books: Wrinkly continent

Christopher Harvie on Euro-pessimism; A Grand Illusion? An essay on Europe by Tony Judt, Penguin, pounds 6.99
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And now, what will become of us without barbarians? They were a kind of solution." The Romans, in Cavafy's poem, found barbarians necessary. When ours exited in 1989, much triumphalism was heard, not just from capitalists but liberal theorists such as Ralf Dahrendorf. Eight years on, in this elegant essay, Tony Judt is anything but soothing to the hungover tenants of the Gorbachev European Home.

Judt's Europessimism has three main prongs. First, the European Union evolved not from idealism but to negotiate ways out of national predicaments. The most important - the division of Germany - no longer applies. Second, Mitteleuropa lacks the wealth and cohesion to be more than a pensioner of the Greater German co- prosperity zone. Third, globalisation and the dismantling of welfare states - demanded, ironically, by the Maastricht criteria - are creating new inequalities. This "bourgeois regionalism" in favour of the haves, and poverty and instability on Europe's borders, creates the neo-nationalist atmosphere out of which crawl the Le Pens.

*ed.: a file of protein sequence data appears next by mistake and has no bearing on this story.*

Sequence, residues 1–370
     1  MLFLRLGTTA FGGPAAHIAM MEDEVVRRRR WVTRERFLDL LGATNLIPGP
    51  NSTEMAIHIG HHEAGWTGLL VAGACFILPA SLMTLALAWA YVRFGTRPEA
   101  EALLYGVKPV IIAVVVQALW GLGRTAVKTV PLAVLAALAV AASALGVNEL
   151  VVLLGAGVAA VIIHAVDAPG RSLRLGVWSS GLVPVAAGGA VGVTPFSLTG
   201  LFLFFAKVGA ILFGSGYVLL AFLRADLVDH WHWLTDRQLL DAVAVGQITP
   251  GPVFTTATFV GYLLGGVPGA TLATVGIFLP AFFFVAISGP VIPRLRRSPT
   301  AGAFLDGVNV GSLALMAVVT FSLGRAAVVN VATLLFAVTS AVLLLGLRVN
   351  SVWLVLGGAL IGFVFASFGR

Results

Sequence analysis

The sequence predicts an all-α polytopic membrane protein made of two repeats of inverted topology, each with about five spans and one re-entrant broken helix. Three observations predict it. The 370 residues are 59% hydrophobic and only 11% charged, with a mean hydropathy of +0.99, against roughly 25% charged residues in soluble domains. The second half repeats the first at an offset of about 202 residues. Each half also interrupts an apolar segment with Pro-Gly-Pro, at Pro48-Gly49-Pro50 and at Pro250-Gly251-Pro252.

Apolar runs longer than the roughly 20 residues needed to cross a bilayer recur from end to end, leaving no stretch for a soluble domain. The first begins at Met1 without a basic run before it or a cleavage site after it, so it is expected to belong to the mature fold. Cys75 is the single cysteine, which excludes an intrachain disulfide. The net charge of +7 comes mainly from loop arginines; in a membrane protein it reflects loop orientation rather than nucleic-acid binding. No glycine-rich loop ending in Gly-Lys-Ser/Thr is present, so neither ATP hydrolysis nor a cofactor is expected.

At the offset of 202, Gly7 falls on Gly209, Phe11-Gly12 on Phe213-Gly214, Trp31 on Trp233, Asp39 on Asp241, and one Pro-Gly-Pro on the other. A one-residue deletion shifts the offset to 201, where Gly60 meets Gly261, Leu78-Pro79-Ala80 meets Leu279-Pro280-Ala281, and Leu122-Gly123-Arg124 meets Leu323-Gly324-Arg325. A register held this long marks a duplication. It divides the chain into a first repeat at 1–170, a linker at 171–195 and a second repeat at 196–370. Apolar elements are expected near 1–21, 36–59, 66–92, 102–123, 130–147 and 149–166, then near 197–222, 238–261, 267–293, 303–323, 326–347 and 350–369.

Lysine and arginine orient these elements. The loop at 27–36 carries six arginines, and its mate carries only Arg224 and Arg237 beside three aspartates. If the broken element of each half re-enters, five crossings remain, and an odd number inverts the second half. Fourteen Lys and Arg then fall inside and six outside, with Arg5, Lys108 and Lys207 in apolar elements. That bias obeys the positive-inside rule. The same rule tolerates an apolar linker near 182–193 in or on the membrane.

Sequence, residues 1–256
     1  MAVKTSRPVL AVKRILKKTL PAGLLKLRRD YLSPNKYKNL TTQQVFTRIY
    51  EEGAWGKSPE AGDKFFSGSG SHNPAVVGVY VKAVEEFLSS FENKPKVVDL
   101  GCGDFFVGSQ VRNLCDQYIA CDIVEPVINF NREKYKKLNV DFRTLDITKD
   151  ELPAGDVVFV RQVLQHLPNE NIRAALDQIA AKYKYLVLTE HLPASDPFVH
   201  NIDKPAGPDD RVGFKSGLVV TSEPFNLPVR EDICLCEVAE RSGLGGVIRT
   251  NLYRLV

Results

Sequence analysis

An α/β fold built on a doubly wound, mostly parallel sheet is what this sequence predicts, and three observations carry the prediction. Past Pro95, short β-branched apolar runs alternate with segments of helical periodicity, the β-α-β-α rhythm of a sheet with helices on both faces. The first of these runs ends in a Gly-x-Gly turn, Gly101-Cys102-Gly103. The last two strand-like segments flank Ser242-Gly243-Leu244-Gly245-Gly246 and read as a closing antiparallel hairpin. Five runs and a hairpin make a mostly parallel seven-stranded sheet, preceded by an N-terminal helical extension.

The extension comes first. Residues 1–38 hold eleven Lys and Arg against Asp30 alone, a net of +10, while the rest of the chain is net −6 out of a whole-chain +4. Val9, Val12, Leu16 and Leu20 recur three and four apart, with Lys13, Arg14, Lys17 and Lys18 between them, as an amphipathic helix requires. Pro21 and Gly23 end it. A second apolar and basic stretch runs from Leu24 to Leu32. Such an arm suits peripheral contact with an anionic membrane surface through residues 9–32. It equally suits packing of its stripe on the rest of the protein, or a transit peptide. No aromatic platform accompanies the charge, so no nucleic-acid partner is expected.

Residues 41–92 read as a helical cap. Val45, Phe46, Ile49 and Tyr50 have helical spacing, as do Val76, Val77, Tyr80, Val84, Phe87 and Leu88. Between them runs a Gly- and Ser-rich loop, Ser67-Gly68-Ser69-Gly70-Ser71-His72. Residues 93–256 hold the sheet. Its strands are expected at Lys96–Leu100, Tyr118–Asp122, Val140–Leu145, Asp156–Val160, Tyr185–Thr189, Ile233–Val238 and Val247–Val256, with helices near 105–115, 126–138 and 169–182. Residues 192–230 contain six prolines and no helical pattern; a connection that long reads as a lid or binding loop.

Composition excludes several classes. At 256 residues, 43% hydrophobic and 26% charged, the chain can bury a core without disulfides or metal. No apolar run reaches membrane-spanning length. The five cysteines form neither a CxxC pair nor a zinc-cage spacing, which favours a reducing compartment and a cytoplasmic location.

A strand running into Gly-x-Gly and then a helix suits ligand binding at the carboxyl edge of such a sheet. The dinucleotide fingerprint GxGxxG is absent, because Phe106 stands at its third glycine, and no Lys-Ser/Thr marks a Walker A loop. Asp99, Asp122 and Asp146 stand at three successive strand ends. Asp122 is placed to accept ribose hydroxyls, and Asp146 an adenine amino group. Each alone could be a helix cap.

Judt's analysis has two lacunae: democracy and technology. The EU has given West Europe more than 20 years in which ethnic authoritarianism - Salazar, Franco, Greek colonels - have been ruled out. This political condom has actually checked the Le Pens while facilitating a benign politics of the environment and of gender equality.

As for technology, its effects are both negative and positive. They include the vacuous philistinism of the McWorld. But there's a sense that, since Chernobyl, national frontiers no longer constrain. A new environmental consensus could match information technology with flexible civic republicanism, rooted in European structures so far created.

Judt's analysis owes a lot to Alan Milward's The European Rescue of the Nation State (1992), a far from starry-eyed view of the Rome Treaty's prehistory. Yet the Europe of 1957 - without computers, mass motor and air transport, the pill, the transistor - was in many ways far closer to that of the Kaiser and Czar.

Modern history broke through the Wall in 1989, and evicted the comforting amnesia in which the German economic miracle - Europe's paradigm - had flourished. But Judt's account, sharply and engagingly written, is still restricted. He imagines Europe in 2010 menaced by a "huge, frustrated, bored, unproductive and ultimately unhealthy population of old people" (meaning ME as a Hell's Grandpa), overlooking the capital and voluntary effort wrinklies can supply to society. And racial punch-ups in places like Prenzlauer Berg in Berlin don't necessarily predicate a Europe-wide confrontation.

Judt predicts a coupling of German inertia with ideological blandness that will lead a dysfunctional continent into a succession of "little local difficulties". There is truth in this, but also in the little local opportunities that co-operative federalism has generated. After almost two decades surveying Britain and Germany, I would still bet on the opportunities - helped along by a slug of Anglo-Saxon rule-breaking. Europessimism is - despite Judt's liveliness - a pathologically gloomy condition. Euroscepticism is Lord Rees-Mogg. Give Euro-opportunism a chance!

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